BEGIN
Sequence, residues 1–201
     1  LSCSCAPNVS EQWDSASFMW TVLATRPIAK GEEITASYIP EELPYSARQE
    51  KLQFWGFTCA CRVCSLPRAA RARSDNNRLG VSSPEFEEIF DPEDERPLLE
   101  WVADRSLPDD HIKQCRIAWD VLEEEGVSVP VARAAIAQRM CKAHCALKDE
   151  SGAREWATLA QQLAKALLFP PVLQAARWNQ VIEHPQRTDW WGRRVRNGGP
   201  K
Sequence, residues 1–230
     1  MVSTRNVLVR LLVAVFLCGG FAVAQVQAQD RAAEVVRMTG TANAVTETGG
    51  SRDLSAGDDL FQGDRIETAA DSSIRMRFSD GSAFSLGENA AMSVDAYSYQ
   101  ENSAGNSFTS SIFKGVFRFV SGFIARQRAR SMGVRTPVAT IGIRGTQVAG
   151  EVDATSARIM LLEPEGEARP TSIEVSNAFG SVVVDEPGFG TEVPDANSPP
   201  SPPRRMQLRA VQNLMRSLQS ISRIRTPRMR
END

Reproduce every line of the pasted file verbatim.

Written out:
Sequence, residues 1–201
     1  LSCSCAPNVS EQWDSASFMW TVLATRPIAK GEEITASYIP EELPYSARQE
    51  KLQFWGFTCA CRVCSLPRAA RARSDNNRLG VSSPEFEEIF DPEDERPLLE
   101  WVADRSLPDD HIKQCRIAWD VLEEEGVSVP VARAAIAQRM CKAHCALKDE
   151  SGAREWATLA QQLAKALLFP PVLQAARWNQ VIEHPQRTDW WGRRVRNGGP
   201  K
Sequence, residues 1–230
     1  MVSTRNVLVR LLVAVFLCGG FAVAQVQAQD RAAEVVRMTG TANAVTETGG
    51  SRDLSAGDDL FQGDRIETAA DSSIRMRFSD GSAFSLGENA AMSVDAYSYQ
   101  ENSAGNSFTS SIFKGVFRFV SGFIARQRAR SMGVRTPVAT IGIRGTQVAG
   151  EVDATSARIM LLEPEGEARP TSIEVSNAFG SVVVDEPGFG TEVPDANSPP
   201  SPPRRMQLRA VQNLMRSLQS ISRIRTPRMR